Baseline gastric mucosal atrophy is a risk factor associated with the development of gastric cancer after Helicobacter pylori eradication therapy in patients with peptic ulcer diseases

Susumu Take, Motowo Mizuno, Kuniharu Ishiki, Yasuhiro Nagahara, Tomowo Yoshida, Kenji Yokota, Keiji Oguma

Research output: Contribution to journalArticle

88 Citations (Scopus)

Abstract

Background: We previously reported that eradication of Helicobacter pylori could reduce the risk of developing gastric cancer in patients with peptic ulcer diseases. In the present study, we further followed up our patient groups to identify factors associated with the development of gastric cancer. Methods: Prospective posteradication evaluations were conducted in 1342 consecutive patients (1191 men and 151 women; mean age, 50 years) with peptic ulcer disease who had received H. pylori eradication therapy. The patients had undergone endoscopic examination before eradication therapy to evaluate peptic ulcers, background gastric mucosa, and H. pylori infection. After confirmation of eradication, follow-up endoscopy was performed yearly. Results: A total of 1131 patients were followed for up to 9.5 years (mean, 3.9 years). Gastric cancer developed in 9 of 953 patients cured of infection and in 4 of 178 who had persistent infection (P = 0.04). The risk of developing gastric cancer after receiving H. pylori eradication therapy was increased according to the grade of baseline gastric mucosal atrophy (P = 0.01). In patients with peptic ulcer diseases, persistent infection of H. pylori (hazard ratio, 3.9; P = 0.03), the grade of baseline gastric mucosal atrophy (3.3, P = 0.01) and age (2.0, P = 0.04) were identified as significant risk factors for developing gastric cancer. Conclusions: The grade of gastric atrophy was closely related to the development of gastric cancer after receiving H. pylori eradication therapy. Thus, eradication of H. pylori before the significant expansion of atrophy is most beneficial to prevent gastric cancer.

Original languageEnglish
Pages (from-to)21-27
Number of pages7
JournalJournal of Gastroenterology
Volume42
Issue numberSUPPL.17
DOIs
Publication statusPublished - Jan 2007

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Peptic Ulcer
Helicobacter pylori
Stomach Neoplasms
Atrophy
Stomach
Therapeutics
Infection
Helicobacter Infections
Gastric Mucosa
Endoscopy

Keywords

  • Eradication therapy
  • Gastric cancer
  • Gastric mucosal atrophy
  • Helicobacter pylori
  • Peptic ulcer disease

ASJC Scopus subject areas

  • Gastroenterology

Cite this

Baseline gastric mucosal atrophy is a risk factor associated with the development of gastric cancer after Helicobacter pylori eradication therapy in patients with peptic ulcer diseases. / Take, Susumu; Mizuno, Motowo; Ishiki, Kuniharu; Nagahara, Yasuhiro; Yoshida, Tomowo; Yokota, Kenji; Oguma, Keiji.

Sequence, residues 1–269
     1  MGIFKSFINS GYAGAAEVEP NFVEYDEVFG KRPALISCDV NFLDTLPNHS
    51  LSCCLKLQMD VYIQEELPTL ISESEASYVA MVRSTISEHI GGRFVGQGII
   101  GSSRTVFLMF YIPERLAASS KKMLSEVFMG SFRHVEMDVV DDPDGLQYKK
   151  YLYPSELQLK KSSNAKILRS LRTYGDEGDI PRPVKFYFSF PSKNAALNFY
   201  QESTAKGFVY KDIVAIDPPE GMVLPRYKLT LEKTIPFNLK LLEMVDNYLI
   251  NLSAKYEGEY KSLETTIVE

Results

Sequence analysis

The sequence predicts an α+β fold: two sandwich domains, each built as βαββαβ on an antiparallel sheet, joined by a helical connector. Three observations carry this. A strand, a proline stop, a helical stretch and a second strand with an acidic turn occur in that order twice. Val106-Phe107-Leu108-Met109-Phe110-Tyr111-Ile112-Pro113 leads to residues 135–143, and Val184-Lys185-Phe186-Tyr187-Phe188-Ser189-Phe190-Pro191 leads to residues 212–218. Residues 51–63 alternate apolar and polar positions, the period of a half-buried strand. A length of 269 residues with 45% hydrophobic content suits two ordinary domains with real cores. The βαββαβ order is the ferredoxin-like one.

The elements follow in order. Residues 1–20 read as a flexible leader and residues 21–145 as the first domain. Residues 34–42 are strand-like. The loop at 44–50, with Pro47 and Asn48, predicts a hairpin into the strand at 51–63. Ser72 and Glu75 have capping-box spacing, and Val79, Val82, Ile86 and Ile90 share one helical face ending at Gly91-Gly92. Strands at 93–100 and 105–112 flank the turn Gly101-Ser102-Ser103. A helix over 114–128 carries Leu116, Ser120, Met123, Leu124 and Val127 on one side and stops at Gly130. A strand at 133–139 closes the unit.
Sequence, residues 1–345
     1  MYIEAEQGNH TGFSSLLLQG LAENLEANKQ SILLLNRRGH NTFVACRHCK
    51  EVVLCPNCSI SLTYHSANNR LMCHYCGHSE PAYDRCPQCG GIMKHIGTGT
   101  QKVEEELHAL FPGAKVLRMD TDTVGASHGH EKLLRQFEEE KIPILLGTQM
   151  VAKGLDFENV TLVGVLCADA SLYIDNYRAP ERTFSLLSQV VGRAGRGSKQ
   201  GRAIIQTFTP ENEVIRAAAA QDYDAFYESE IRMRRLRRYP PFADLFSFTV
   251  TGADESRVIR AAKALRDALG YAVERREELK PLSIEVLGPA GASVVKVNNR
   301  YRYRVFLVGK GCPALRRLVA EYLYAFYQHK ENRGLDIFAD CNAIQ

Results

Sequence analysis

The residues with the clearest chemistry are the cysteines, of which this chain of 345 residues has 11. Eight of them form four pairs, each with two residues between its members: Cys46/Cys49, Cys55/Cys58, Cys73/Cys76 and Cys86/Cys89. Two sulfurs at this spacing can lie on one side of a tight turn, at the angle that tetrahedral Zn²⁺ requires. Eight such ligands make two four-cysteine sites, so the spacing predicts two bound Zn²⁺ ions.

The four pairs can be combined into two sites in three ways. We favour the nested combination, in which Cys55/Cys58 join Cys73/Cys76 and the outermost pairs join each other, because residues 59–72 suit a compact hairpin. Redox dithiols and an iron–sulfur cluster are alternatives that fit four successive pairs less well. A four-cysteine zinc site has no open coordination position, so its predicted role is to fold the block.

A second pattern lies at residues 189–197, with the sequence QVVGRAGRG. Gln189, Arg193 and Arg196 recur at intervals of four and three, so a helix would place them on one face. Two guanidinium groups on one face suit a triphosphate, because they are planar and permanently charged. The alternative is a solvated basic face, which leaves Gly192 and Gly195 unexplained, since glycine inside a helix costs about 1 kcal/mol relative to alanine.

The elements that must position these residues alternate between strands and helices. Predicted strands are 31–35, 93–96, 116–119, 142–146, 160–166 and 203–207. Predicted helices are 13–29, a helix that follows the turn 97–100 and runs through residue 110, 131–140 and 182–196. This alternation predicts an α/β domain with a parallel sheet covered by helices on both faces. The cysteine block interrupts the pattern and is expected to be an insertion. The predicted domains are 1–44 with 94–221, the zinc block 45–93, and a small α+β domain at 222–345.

In: Journal of Gastroenterology, Vol. 42, No. SUPPL.17, 01.2007, p. 21-27.

Research output: Contribution to journalArticle

Take, Susumu ; Mizuno, Motowo ; Ishiki, Kuniharu ; Nagahara, Yasuhiro ; Yoshida, Tomowo ; Yokota, Kenji ; Oguma, Keiji. / Baseline gastric mucosal atrophy is a risk factor associated with the development of gastric cancer after Helicobacter pylori eradication therapy in patients with peptic ulcer diseases. In: Journal of Gastroenterology. 2007 ; Vol. 42, No. SUPPL.17. pp. 21-27.
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AU - Take, Susumu

AU - Mizuno, Motowo

AU - Ishiki, Kuniharu

AU - Nagahara, Yasuhiro

AU - Yoshida, Tomowo

AU - Yokota, Kenji

AU - Oguma, Keiji

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N2 - Background: We previously reported that eradication of Helicobacter pylori could reduce the risk of developing gastric cancer in patients with peptic ulcer diseases. In the present study, we further followed up our patient groups to identify factors associated with the development of gastric cancer. Methods: Prospective posteradication evaluations were conducted in 1342 consecutive patients (1191 men and 151 women; mean age, 50 years) with peptic ulcer disease who had received H. pylori eradication therapy. The patients had undergone endoscopic examination before eradication therapy to evaluate peptic ulcers, background gastric mucosa, and H. pylori infection. After confirmation of eradication, follow-up endoscopy was performed yearly. Results: A total of 1131 patients were followed for up to 9.5 years (mean, 3.9 years). Gastric cancer developed in 9 of 953 patients cured of infection and in 4 of 178 who had persistent infection (P = 0.04). The risk of developing gastric cancer after receiving H. pylori eradication therapy was increased according to the grade of baseline gastric mucosal atrophy (P = 0.01). In patients with peptic ulcer diseases, persistent infection of H. pylori (hazard ratio, 3.9; P = 0.03), the grade of baseline gastric mucosal atrophy (3.3, P = 0.01) and age (2.0, P = 0.04) were identified as significant risk factors for developing gastric cancer. Conclusions: The grade of gastric atrophy was closely related to the development of gastric cancer after receiving H. pylori eradication therapy. Thus, eradication of H. pylori before the significant expansion of atrophy is most beneficial to prevent gastric cancer.

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